334.5
Social policy by numbers numerical tools in global social policy making

Thursday, July 17, 2014: 9:30 AM
Room: F204
Oral Presentation
John BERTEN , University of Bielefeld, Germany
The paper investigates the role of a special class of tools in the formulation of global social policy: the use of numbers and quantification. We argue that numerical tools, beyond their technical function of supporting decisions, shape or even constitute the 'social' in the global sphere, and that they enhance the legitimacy of policies that make use of them. We draw on recent sociological theories of quantification and numbers, on world society theory and on the constructivist theory of social problems. Empirically, the paper flows from an ongoing research project on basic social protection worldwide, a field replete with quantitative tools of policy formulation and implementation. We compare three types of international organisations (IOs) as to the degree and the varieties of numerical tools they use in designing and spreading social protection policies worldwide: lending IOs (World Bank, Asian Development Bank, the latter producing the Social Protection Index for Committed Poverty Reduction); standard-setting IOs (ILO); and non-governmental advocacy IOs (HelpAge).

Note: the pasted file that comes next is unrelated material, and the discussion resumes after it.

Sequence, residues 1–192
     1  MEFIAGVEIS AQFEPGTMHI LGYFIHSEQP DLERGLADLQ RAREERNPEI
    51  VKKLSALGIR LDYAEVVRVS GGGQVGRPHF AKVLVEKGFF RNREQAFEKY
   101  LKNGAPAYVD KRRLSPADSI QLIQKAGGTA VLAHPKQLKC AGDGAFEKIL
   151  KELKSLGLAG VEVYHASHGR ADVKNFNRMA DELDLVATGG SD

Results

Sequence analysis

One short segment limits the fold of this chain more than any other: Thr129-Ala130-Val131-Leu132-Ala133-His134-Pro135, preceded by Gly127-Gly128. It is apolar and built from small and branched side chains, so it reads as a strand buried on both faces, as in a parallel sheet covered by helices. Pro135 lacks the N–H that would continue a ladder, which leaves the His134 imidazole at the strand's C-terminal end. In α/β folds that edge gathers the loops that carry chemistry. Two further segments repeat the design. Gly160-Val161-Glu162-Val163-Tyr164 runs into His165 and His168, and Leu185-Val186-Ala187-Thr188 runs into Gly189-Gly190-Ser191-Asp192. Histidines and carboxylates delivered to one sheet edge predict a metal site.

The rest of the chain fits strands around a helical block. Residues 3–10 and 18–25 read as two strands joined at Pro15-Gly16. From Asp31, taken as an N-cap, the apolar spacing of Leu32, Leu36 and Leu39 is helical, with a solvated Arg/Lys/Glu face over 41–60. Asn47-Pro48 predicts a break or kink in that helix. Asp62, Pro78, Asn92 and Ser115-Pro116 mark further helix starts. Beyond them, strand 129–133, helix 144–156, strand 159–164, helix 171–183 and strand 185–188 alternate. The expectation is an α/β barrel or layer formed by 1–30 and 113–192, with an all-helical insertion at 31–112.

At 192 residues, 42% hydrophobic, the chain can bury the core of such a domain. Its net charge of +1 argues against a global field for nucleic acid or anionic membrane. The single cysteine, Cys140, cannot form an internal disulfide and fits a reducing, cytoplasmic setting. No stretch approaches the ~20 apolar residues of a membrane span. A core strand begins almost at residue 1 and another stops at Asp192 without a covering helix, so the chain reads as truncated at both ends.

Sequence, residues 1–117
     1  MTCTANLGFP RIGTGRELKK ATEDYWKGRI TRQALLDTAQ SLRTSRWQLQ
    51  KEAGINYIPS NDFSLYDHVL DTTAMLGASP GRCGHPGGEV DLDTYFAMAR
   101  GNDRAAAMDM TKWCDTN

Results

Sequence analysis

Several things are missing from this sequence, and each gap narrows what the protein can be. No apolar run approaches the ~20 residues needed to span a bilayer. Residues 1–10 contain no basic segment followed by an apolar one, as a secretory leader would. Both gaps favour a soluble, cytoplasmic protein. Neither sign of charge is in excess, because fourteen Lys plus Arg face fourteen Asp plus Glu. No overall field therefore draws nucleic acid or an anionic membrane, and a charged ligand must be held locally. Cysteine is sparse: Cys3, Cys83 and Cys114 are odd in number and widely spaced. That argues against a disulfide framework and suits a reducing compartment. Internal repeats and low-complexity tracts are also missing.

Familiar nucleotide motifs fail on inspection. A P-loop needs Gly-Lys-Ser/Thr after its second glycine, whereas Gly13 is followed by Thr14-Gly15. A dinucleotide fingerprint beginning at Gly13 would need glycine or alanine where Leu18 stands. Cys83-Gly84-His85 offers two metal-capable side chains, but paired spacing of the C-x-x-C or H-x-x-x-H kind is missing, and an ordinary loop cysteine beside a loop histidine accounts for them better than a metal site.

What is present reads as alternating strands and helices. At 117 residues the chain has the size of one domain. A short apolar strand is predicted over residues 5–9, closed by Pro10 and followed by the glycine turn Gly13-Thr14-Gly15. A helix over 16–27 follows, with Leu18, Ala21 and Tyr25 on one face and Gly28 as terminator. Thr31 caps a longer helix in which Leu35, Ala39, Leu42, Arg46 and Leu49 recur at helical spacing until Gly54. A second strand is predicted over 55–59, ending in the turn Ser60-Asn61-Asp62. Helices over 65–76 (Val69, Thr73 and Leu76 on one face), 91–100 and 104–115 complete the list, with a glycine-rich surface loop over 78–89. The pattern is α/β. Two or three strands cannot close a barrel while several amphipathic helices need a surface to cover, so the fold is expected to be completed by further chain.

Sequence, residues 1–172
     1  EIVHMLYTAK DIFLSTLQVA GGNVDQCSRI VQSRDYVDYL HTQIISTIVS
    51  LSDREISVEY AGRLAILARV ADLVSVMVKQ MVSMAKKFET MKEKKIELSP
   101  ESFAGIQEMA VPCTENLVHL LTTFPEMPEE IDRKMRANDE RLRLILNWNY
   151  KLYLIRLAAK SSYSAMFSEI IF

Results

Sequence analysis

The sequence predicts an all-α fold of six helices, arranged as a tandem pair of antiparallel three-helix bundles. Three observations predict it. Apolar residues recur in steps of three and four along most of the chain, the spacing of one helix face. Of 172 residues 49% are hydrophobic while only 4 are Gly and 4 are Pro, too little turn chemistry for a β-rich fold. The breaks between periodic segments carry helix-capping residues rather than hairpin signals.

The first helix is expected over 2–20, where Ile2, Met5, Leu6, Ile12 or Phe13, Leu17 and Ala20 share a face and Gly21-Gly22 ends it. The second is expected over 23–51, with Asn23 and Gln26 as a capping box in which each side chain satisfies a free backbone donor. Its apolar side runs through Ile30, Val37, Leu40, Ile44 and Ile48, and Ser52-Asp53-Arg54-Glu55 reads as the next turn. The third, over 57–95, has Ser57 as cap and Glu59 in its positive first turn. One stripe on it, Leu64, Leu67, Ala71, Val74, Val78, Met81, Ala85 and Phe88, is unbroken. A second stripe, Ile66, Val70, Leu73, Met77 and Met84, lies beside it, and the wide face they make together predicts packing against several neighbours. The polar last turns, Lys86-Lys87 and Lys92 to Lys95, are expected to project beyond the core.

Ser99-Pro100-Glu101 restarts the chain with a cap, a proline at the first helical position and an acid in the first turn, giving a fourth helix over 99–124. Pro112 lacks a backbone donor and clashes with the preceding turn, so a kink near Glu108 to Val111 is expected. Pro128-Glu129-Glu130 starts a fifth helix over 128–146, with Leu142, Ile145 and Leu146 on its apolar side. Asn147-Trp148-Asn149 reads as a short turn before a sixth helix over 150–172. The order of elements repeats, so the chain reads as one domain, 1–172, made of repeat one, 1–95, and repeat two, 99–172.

We pursue two questions: In which ways are social problems and related social policies constructed by numerical tools as globally comparable and applicable? How do numerical tools create legitimacy for policies advanced by IOs, making up for the lack of electoral legitimacy (e.g. the strong role of quantitative communication in achieving the unlikely global consensus on 'social protection floors' by the ILO in 2012)? Overall, we hypothesize that these practices change the meaning of ‘the social’ as compared to conventional national social policies, initiating socio-technocratic 'policies by numbers' in both global and national arenas.

Key words: global social policy, world social theory, policy by numbers, international organisations, international non-governmental organisations